Source: Edmondston, Catherine Ann Devereux, 1823-1875, Journal of a Secesh Lady: The Diary of Catherine Ann Devereux Edmondston 1860-1866. Crabtree, Beth G and Patton, James W., (Raleigh, NC: North Carolina Division of Archives and History, 1979).http://nc-historical-publications.stores.yahoo.net/478.html

Read Full Post »

September 2nd [1864]

The weather is light & beautiful but our hearts are sad. The angel of death has again spread his gloomy wings over our family-circle. Another visitation on the altar of his Country. Robert smith, our young cousin has fallen. His remains were interred in our family burying ground & fair hands placed a wreath of evergreens over the grave of the young hero & left him to sleep with kindred dust. We have the comforting hope that he was ready for the summons. He sent word to his Brother that he had “found peace & it was all well with him.” Oh may these trials be blessed to us all!


Source: Jane Evans Elliot Diaries #5343, Southern Historical Collection, Wilson Library, University of North Carolina at Chapel Hill.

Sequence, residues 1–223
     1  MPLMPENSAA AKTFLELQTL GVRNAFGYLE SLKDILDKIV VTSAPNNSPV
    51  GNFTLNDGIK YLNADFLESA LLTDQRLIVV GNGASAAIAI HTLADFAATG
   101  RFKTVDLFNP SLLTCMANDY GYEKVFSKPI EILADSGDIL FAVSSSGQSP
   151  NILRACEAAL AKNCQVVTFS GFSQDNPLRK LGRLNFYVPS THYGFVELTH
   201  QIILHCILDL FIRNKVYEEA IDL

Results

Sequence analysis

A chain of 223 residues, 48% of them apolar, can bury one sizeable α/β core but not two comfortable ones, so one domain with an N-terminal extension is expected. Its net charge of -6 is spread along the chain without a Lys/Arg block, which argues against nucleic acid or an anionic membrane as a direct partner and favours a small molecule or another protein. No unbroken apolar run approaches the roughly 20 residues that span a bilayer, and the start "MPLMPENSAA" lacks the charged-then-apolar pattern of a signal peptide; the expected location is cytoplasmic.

Read Full Post »

Atlanta Ga

Aug 18th/64

My Dear Wife

Yours of the 25th came to hand the 11th and found me well & in the ditches with the boys. I was on a visit to see them and I found them generally well, but a good deal of grumbling & dissatisfaction – rations rather short and so much duty to do that they are worn out. The yanks breast works are in plain view here & a constant shelling which keeps the boys close to their breast works. The pickets fight all the time. Its one continual roar of small arms in plain view of both breast works.

Our regt has escaped remarkably well lately. None killed since I wrote you last, 3 or 4 have been wounded. Collins (Eli’s son) & Nichols (David’s son) of Co I. Collin’s middle finger left hand was amputated. Nichols right side by a piece of shell and some others who you are not acquainted with. I started out yesterday morning to see the boys and the shelling was so heavy that I came back. I think there was 40 or 50 struck within 100 yards of me & I thought some came near hiting me and learning the regt was going out on picket last night I came back to the cooking train where I stay badly scared as for war news. I have but little. Wheeler is certainly gone to the rear of Sherman & reports say tore up 20 miles of R Road. If so, Sherman will have to fight or retreat. If he charges our works he is whipped. He must do something soon for his supplies for he cant get them from the country. Both armies are well fortified here. The Yankees shell Atlanta both day and night. They bomb a house nearly evry day or night & occasionally kill some they have killed several women & children. Still that don’t make them leave town. I feel sorry for them I think they ought to take their children & git out of harms way & the reach of the shells.